Proof
(related to Theorem: Continuous Real Functions on Closed Intervals are Uniformly Continuous)
 Let $[a,b]$ be a closed real interval, $\mathbb R$ be the set of real numbers and \(f:[a,b]\mapsto \mathbb R\) a continuous function.
 We will prove by contradiction to that \(f\) is uniformly continuous, i.e. for every $\epsilon > 0$ there is a $\delta > 0$ such that $f(x)f(y) < \epsilon$ for all $x,y\in D$ with $xy < \delta.$
 Assume, $f$ is not uniformly continuous.
 Then there is an $\epsilon > 0$ such that for every natural number $n > 0$ such that there as some points $x_n, y_n\in [a,b]$ with $$x_ny_n < \frac 1n\quad\text{ and }\quad f(x_n)f(y_n)\ge \epsilon.$$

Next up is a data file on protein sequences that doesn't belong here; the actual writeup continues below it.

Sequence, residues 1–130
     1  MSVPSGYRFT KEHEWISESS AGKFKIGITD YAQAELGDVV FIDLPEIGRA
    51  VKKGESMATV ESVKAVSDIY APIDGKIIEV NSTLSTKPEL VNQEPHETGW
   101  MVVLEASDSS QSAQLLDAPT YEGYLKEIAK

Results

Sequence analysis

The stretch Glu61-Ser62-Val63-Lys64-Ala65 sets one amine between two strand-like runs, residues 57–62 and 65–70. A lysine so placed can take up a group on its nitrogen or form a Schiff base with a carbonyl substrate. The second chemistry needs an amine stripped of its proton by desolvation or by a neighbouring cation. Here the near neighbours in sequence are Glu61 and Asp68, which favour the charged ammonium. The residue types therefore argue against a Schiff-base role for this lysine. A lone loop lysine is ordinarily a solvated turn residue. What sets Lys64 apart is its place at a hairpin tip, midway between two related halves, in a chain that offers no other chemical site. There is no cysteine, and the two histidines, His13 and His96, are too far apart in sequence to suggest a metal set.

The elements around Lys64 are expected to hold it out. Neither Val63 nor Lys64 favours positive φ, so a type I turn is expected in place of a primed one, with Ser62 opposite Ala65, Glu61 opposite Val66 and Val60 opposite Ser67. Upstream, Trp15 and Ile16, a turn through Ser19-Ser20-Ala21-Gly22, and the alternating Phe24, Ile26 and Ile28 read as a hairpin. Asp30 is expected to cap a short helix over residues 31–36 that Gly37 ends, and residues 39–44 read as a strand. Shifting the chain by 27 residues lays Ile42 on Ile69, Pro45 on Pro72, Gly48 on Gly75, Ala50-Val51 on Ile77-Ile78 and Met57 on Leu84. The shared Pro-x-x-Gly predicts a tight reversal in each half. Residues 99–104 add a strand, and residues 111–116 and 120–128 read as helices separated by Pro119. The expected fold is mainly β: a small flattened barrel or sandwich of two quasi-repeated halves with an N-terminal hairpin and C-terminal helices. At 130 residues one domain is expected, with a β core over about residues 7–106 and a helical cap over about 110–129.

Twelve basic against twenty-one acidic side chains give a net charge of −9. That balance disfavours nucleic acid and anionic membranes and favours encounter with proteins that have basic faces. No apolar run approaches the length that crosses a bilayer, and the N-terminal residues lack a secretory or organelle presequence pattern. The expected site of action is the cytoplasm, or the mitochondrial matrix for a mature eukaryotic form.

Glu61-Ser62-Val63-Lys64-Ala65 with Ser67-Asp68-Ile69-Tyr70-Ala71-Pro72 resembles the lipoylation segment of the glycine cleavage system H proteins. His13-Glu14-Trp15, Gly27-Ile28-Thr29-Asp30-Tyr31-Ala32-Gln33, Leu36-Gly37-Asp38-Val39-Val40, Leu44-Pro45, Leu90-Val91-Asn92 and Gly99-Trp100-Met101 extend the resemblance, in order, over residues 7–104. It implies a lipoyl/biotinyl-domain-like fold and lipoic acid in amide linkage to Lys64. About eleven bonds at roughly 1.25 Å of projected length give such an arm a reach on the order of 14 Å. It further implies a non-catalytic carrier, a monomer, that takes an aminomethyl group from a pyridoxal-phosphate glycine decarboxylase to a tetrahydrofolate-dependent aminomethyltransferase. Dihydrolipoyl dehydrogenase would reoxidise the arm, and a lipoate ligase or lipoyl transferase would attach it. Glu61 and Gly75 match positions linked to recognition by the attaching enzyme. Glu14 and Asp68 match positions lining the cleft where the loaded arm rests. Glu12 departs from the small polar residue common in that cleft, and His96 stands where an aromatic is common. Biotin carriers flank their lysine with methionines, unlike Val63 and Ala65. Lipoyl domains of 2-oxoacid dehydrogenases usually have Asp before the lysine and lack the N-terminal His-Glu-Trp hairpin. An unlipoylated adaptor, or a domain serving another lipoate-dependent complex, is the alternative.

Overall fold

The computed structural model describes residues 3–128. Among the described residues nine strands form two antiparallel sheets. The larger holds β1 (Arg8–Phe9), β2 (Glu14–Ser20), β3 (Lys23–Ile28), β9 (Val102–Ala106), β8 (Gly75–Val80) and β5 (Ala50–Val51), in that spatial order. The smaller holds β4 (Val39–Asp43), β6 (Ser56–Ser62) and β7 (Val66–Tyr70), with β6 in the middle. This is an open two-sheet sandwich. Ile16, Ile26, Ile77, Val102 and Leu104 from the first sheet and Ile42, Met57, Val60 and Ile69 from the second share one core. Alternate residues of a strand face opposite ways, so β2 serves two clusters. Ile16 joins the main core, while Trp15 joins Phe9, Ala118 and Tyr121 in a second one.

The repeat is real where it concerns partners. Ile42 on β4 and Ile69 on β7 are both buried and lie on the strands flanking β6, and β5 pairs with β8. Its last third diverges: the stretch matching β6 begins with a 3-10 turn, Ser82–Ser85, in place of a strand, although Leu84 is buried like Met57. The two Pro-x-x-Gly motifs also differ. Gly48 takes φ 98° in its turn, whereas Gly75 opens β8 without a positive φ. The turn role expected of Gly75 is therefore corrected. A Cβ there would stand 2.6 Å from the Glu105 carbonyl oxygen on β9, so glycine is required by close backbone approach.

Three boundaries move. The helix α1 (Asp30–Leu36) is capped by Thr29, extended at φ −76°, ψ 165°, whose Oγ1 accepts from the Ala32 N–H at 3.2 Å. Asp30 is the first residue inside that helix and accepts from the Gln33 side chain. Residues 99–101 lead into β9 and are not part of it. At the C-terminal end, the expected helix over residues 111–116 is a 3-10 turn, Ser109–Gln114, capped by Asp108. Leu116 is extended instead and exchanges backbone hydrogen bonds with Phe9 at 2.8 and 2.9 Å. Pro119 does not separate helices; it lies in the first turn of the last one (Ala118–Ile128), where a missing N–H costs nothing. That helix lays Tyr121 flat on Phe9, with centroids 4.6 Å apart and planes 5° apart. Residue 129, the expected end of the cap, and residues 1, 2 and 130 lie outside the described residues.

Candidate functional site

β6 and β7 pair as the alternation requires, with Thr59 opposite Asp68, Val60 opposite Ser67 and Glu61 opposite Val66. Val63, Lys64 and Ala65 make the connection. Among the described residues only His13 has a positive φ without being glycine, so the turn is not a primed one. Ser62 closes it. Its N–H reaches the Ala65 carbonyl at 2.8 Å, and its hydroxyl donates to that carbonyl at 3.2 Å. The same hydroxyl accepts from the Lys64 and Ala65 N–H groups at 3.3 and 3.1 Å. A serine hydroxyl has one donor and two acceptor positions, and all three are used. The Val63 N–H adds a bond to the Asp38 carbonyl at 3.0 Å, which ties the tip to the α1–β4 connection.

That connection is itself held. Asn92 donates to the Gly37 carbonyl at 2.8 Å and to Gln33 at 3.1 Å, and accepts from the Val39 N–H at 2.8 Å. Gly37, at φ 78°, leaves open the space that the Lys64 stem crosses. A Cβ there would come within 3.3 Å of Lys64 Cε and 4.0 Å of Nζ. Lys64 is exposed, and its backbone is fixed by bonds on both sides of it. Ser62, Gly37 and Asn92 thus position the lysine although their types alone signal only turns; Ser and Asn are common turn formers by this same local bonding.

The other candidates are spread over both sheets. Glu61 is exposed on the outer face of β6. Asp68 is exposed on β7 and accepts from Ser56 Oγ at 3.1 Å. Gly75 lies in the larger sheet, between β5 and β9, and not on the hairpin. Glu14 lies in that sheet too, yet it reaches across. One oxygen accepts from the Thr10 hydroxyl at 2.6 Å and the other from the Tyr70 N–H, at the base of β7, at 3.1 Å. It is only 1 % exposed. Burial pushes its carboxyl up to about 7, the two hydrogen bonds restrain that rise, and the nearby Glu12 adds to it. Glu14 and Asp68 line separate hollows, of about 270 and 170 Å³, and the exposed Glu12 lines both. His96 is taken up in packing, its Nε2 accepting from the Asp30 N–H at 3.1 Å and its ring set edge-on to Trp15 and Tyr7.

$(x_n)_{n > 0}$ is bounded real sequence.
 Because every bounded real sequence has a convergent subsequence, so has $(x_n)_{n > 0}.$
 Let this subsequence be $(x_{n_k})_{k\in\mathbb N}$, and let its limit be $\lim_{k\to\infty} x_{n_k}=p.$
 Since convergence preserves upper and lower bounds, and since $a \le x_{n_k} \le b$ for all $k\in\mathbb N$, we have that $p\in[a,b].$
 Since $x_{n_k}y_{n_k} < \frac 1{n_k}$ by construction, we have also that $\lim_{k\to\infty} y_{n_k}=p.$
 From the definition of continuity of $f$ it follows $$\lim_{k\to\infty}\left(f(x_{n_k})f(y_{n_k})\right)=f(p)f(p)=0.$$
 This is a contradiction to $f(x_{n_k})f(y_{n_k})\ge \epsilon$ for all $k\in\mathbb N.$
 Thus the assumption, $f$ was not uniformly continuous must be wrong.
 Therefore \(f\) is uniformly continuous.
∎
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References
Bibliography
 Forster Otto: "Analysis 1, Differential und Integralrechnung einer VerĂ¤nderlichen", Vieweg Studium, 1983